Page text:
Report from our first ever New Director’s Preconference at TLA!

Success is licnesed through
The Way to Success! ( is licensed through CC0

This year at TLA, TSLAC hosted our first ever preconference directed at new library directors that have held their position 3 years or less. We had a full day of networking, hearing practical tips from TSLAC staff, and engaging with a panel of experienced librarians on the topic of engaging effectively with governing authorities.

Our panel was so successful, in fact, that I reached out to the experienced directors and asked them to share their thoughts on the following question:

“What are your top three suggestions for new directors that will set them up for success in working with their governing authority?”

Judy Bergeron, Director, Smithville Public Library


Communication is key – especially multi-directional communication – upward to the governing authority, inward to library staff and Advisory Board members, and outward to the public and other City departments. Once we started regular one-on-one meetings with the City Manager and monthly meetings with all the department heads, I felt that we were more aware of all that is going on with City operations. This comes in very handy at budget time, too, as the library gets an opportunity to communicate and justify budgetary needs.

Define goals –

It is important to communicate long-range and strategic planning with the governing authority, too. At our one-on-one meetings, the City Manager and I determine our top goals and accomplishments for the year. We use the SMART goal system (Specific, Measurable, Attainable, Relevant, and Time-bound), so we have specific, measurable goals to strive for and assess progress. These provide a great template to present our plans to the City Council (who have the final vote on the budget) at public workshops, and we also maintain transparency through this communication.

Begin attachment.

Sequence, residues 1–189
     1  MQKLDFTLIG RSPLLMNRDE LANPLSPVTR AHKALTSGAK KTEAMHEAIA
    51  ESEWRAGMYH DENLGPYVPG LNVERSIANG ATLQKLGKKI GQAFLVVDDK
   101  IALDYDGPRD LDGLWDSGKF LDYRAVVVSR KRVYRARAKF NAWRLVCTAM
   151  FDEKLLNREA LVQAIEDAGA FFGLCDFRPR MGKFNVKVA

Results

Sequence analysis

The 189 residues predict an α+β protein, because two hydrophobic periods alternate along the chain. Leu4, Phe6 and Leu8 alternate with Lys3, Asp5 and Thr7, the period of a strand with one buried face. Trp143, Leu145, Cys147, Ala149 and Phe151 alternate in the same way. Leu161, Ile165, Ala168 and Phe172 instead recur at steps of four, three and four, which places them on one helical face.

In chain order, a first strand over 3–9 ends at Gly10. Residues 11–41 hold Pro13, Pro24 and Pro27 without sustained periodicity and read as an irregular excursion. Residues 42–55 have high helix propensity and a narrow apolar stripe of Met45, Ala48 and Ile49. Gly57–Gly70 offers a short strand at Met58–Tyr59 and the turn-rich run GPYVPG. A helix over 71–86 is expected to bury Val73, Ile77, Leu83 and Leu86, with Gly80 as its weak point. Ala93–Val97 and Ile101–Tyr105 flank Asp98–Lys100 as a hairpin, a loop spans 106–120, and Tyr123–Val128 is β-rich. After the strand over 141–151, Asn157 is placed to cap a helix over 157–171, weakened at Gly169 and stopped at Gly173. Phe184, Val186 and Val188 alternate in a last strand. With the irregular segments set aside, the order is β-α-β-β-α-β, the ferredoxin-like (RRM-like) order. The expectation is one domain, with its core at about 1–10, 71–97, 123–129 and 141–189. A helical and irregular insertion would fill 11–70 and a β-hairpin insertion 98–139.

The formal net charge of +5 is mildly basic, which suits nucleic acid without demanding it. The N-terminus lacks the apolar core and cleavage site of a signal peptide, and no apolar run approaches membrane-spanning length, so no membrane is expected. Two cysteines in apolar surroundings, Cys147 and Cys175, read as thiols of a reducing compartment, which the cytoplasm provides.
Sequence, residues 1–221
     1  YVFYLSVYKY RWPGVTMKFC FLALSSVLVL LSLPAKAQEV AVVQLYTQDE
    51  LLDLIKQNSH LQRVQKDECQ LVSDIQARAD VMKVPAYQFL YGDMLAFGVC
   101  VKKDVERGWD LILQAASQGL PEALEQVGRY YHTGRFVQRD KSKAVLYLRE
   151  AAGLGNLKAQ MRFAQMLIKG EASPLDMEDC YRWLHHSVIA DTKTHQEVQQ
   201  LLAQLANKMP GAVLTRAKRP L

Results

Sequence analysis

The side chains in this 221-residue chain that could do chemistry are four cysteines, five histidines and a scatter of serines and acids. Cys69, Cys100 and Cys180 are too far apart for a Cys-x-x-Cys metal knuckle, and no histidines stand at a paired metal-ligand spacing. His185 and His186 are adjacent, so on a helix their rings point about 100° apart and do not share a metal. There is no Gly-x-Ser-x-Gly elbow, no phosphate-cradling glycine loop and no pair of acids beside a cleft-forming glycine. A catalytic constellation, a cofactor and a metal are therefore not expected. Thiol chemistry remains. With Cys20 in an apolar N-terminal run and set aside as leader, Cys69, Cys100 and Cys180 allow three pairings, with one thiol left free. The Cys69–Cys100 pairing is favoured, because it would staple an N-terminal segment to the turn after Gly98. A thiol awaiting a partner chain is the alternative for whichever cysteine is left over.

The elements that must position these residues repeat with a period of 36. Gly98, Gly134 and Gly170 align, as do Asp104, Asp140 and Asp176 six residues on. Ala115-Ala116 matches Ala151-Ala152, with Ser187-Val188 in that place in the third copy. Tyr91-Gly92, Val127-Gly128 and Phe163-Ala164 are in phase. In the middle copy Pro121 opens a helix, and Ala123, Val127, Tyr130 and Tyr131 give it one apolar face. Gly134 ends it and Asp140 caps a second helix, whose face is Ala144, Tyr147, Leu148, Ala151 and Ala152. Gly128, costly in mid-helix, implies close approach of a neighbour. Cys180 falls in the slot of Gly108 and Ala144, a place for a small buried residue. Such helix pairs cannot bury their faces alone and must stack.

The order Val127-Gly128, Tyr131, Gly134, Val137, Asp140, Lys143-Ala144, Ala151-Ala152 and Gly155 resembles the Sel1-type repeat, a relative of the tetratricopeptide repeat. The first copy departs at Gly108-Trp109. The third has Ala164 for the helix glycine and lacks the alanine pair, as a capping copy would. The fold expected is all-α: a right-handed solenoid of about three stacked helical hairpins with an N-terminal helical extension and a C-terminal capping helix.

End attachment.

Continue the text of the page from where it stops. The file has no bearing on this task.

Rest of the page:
Ask –

Don’t be afraid to ask for help. Try to familiarize yourself with the governing authority’s perspective and have some understanding of their expectations. Ask those who have been there before you: What worked? What didn’t work? That way you can learn from them. It also helps to ask others in your network – you have gotten off to a good start with attending library-related workshops and training sessions. TSL, TLA, PLA, ALA, and other library resources have a lot of experience to help answer your questions.

Dayna Williams-Capone, Director, Victoria Public Library

  1. Work with your city manager to determine how you can connect with the city council.  In my case that was through:
    1. Being involved in the orientation when city council members tour the library and sit down with me to talk about library successes, challenges and goals. 
    2. Presenting an annual report to the full council as part of their meeting.
    3. Being visible by sitting up front with other department heads at city council meetings.
    4. Being aware of the politics surrounding my particular situation and always alerting my city manager when I have concerns or feel that a situation is beginning to be uncomfortable or I do not know how to answer a city council member’s request.